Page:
Dangerous dogs

We went for a walk last night at our local beach and took the dogs. This was the first time I had walked the dogs outside in public since we had the black labrador incident a few days ago. I can’t recall if I mentioned it in this blog so in a nutshell, here is what happened:

Me plus 2 JRs walking along minding our own business, woman comes running along about 500 yards away from us launching a tennis ball for her black lab closely followed by her sausage dog. Lab is all het up chasing after the ball and decides to hare it at full pelt towards us. One of my dogs feels threatened so growls and shows her teeth, lab sees red (very unlike a labrador) picks her up  and starts shaking her furiously. She starts screaming and I realise if I don’t intervene soon she is going to get seriously hurt. So I physically extricate my dog from the jaws of this lab and get caught by the lab’s teeth in the process. As I lie my dog down to examine where the blood is coming from, the lab starts on my other jack. Needless to say this took me by complete surprise. The owner of the lab didn’t have a lead and was desperately trying to get hold of her lab to control it. I felt incredibly vulnerable and, for the first time, scared of a labrador. The owner shouted from a distance if my dog was alright while she held on to hers. I couldn’t see any major wounds just a few scratches and bruising and didn’t say anything else in the rush to get as much distance between myself and the lab.

This is the second time I have experienced a dog attack in the space of a couple of months. Needless to say it has made me somewhat jumpy. I didn’t realise that it had affected me to such an extent until last night. We were returning from a walk along the beach when a large black dog of no clear breed comes bounding along. It looked friendly enough until it raced up to one of my dogs. Now it doesn’t help that, due to my dogs’ terrier mentality, they default to defence or attack rather than submission. My dog starts to growl and then the big dog starts to get boisterous, I was suddenly anxious and scooped my dog up in my arms at which point the big dog mounted me to try and get to my dog and she showed her teeth and the other dog looked as if it was getting its teeth out too (although maybe that was my imagination) but even so I felt very vulnerable and that I was going to be stuck in the middle of a dog fight.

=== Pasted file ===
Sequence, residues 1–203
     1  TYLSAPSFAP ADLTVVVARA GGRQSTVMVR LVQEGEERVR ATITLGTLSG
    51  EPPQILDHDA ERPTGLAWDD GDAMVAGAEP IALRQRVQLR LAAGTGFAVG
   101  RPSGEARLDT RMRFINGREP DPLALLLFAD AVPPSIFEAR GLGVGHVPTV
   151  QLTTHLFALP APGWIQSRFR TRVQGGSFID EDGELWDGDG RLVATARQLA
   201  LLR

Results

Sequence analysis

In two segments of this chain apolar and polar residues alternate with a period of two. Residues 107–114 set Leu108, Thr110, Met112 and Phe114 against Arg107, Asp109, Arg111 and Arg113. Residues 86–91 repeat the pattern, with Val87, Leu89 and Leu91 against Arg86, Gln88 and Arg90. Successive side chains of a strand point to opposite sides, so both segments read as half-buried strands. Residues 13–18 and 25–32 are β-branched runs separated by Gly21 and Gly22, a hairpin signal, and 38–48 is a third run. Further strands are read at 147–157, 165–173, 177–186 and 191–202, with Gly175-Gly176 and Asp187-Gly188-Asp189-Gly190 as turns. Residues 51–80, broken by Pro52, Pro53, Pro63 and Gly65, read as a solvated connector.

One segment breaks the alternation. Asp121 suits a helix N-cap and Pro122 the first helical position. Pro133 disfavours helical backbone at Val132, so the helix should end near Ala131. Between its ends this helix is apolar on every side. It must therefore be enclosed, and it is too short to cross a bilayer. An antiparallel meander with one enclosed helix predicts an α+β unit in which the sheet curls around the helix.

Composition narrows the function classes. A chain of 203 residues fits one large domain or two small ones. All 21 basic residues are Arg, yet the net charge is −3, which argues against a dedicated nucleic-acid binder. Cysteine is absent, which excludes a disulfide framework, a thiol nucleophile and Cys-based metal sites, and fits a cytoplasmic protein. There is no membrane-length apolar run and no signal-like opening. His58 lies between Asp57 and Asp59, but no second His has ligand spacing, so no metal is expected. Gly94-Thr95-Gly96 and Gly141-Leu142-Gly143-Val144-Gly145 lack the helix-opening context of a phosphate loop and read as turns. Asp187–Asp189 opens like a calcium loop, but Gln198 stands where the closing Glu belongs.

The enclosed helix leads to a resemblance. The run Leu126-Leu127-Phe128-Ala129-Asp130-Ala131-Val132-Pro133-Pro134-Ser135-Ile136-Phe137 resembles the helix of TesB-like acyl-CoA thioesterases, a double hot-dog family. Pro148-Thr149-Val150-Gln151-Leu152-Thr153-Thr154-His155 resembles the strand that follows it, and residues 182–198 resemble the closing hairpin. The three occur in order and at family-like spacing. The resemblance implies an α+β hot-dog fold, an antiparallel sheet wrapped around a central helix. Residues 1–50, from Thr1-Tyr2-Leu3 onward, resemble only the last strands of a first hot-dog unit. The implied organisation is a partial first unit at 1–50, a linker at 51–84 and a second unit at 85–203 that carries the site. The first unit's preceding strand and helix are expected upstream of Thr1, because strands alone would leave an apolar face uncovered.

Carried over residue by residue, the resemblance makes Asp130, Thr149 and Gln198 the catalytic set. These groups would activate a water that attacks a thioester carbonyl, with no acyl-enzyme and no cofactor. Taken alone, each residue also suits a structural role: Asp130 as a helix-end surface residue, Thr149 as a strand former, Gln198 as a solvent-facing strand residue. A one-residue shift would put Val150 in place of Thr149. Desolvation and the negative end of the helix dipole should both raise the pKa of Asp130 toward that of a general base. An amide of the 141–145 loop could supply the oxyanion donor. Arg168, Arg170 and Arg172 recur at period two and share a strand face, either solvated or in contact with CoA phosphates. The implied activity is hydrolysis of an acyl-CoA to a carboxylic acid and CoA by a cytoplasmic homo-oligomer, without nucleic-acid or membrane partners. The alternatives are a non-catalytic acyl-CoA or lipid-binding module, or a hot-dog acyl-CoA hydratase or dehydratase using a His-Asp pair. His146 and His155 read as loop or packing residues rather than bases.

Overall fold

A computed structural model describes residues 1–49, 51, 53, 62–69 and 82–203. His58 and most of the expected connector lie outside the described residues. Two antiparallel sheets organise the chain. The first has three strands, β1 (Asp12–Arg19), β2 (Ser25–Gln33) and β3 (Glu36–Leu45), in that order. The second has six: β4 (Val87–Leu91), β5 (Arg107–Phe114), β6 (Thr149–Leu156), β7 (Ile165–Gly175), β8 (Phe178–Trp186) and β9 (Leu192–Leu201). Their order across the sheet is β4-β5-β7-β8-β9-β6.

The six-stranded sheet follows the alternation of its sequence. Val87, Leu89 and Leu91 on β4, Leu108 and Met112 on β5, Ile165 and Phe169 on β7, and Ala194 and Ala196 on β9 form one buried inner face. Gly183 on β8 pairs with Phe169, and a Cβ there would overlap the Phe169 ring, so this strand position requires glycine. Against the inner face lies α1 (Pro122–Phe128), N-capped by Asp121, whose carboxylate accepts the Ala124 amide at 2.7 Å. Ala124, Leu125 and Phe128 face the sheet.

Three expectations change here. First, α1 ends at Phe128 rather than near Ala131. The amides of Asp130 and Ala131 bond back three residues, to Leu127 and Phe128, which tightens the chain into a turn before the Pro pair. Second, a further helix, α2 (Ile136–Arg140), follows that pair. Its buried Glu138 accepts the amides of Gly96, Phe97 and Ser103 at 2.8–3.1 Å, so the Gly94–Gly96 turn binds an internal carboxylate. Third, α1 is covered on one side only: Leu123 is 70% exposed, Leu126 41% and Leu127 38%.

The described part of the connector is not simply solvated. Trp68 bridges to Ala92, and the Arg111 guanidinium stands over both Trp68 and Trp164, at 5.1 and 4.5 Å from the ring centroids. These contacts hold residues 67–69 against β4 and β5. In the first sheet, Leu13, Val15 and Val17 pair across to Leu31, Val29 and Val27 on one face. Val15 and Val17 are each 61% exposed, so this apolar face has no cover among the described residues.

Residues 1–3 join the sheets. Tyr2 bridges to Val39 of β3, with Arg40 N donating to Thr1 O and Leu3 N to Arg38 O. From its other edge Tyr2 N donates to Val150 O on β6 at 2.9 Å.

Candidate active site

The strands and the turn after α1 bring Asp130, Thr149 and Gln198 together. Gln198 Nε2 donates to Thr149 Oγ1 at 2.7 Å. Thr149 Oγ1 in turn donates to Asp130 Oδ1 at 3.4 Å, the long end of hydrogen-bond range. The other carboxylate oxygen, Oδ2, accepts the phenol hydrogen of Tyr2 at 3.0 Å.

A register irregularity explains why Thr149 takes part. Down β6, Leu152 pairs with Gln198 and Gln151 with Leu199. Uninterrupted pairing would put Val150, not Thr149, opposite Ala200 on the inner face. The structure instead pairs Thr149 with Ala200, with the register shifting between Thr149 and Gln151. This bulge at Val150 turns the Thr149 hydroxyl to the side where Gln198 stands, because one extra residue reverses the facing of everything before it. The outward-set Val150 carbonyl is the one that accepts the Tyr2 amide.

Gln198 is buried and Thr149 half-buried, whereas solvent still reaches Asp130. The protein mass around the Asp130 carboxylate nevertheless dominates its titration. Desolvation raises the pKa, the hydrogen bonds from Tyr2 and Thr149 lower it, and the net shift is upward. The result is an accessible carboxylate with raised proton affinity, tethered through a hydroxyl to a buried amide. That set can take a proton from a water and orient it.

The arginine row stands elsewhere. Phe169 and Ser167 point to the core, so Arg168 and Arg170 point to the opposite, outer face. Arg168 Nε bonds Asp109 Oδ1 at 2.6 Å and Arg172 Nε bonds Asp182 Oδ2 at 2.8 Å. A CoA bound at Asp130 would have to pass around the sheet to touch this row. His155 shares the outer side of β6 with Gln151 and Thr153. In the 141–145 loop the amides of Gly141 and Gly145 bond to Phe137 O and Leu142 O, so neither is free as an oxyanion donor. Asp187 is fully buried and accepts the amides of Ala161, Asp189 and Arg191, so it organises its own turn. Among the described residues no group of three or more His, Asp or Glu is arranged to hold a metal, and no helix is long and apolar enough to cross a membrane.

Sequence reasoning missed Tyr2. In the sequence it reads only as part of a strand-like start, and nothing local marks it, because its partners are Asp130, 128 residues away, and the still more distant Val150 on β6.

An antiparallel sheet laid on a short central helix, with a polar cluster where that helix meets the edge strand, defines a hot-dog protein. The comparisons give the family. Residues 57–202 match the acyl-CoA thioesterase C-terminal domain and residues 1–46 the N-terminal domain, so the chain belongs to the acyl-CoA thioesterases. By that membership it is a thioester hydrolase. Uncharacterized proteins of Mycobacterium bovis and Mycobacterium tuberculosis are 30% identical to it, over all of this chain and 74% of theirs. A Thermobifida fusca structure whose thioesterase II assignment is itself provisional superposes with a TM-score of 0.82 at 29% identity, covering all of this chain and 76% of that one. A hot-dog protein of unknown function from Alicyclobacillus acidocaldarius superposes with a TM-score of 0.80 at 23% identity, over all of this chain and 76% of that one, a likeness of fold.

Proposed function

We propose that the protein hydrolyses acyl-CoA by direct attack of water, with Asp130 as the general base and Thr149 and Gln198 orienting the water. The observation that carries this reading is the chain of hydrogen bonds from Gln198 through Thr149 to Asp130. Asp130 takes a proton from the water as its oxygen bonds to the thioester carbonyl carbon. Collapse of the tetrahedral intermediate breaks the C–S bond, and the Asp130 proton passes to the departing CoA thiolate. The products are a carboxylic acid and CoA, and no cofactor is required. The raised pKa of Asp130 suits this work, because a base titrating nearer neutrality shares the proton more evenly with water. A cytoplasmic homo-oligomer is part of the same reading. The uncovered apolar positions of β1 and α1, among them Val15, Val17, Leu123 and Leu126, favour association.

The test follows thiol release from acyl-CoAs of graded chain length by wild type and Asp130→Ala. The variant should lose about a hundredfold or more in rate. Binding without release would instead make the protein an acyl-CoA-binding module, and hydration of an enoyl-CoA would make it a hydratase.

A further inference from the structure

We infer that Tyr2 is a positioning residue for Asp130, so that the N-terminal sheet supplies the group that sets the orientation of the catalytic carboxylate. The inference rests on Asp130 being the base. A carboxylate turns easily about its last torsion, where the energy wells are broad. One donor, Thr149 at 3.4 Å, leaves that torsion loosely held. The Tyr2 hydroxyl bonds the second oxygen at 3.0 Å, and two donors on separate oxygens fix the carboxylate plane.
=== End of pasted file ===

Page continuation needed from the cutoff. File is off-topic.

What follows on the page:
We went for a dog walk today and I was nervously putting my dog on a lead every time I saw another dog coming towards us. It seems as if I have become a bit of a nervous wreck on dog walks. To make matters worse, I don’t feel comfortable walking my dog at home as my dodgy neighbour’s dog (which I have mentioned in previous posts) seems to have returned for the weekend (it stays with the ‘grandparents’ occasionally – the owner’s parents). They don’t ever bother to put it on a lead so at any point it could attack if you encounter it (as it has done to more than one dog in the neighbourhood given that it is a rather docile combination of rottweiler cross staffie).

So what is the conclusion? Dogs that bite other dogs should they be classed as dangerous?  I think the answer is yes because how can you be certain that they won’t do the same to a human? I think something needs to be done in the UK to up the ante on the control of dangerous dogs. The law as it currently stands is pathetic. The rottie cross staffie in our neighbourhood is not controlled at the very least by a lead let alone a muzzle. So what does the dog warden do? He visits them and asks them to put it on a lead – do they care? No. Can the dog warden enforce his request to put the dog on a lead? No.

So what is the point of a dog warden?

I am blogging every day to raise money for Unicef. If you are able to contribute to the campaign, please visit my page on Unicef’s website.

Thanks for reading.


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